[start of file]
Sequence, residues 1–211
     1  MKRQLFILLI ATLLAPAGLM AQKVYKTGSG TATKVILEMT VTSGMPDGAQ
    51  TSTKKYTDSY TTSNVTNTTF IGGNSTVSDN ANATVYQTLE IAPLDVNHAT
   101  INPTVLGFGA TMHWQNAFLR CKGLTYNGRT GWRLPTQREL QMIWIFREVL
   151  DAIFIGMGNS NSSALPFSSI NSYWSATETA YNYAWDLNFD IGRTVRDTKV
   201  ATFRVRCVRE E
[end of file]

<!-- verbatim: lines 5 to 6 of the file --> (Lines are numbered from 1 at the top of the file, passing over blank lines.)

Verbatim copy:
   151  DAIFIGMGNS NSSALPFSSI NSYWSATETA YNYAWDLNFD IGRTVRDTKV
   201  ATFRVRCVRE E